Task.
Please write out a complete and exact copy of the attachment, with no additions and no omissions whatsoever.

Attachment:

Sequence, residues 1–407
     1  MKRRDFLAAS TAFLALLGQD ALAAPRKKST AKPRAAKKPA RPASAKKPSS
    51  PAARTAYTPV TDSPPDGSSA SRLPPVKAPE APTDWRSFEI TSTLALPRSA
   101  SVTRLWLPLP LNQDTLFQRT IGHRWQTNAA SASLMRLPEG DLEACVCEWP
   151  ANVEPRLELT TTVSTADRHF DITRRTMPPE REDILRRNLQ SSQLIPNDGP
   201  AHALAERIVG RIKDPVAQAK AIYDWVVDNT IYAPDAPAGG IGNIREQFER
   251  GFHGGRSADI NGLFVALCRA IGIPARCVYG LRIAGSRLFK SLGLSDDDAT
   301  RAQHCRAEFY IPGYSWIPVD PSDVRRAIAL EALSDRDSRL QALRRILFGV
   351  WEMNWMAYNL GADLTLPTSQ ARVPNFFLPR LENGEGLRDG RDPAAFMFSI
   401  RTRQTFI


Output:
Sequence, residues 1–407
     1  MKRRDFLAAS TAFLALLGQD ALAAPRKKST AKPRAAKKPA RPASAKKPSS
    51  PAARTAYTPV TDSPPDGSSA SRLPPVKAPE APTDWRSFEI TSTLALPRSA
   101  SVTRLWLPLP LNQDTLFQRT IGHRWQTNAA SASLMRLPEG DLEACVCEWP
   151  ANVEPRLELT TTVSTADRHF DITRRTMPPE REDILRRNLQ SSQLIPNDGP
   201  AHALAERIVG RIKDPVAQAK AIYDWVVDNT IYAPDAPAGG IGNIREQFER
   251  GFHGGRSADI NGLFVALCRA IGIPARCVYG LRIAGSRLFK SLGLSDDDAT
   301  RAQHCRAEFY IPGYSWIPVD PSDVRRAIAL EALSDRDSRL QALRRILFGV
   351  WEMNWMAYNL GADLTLPTSQ ARVPNFFLPR LENGEGLRDG RDPAAFMFSI
   401  RTRQTFI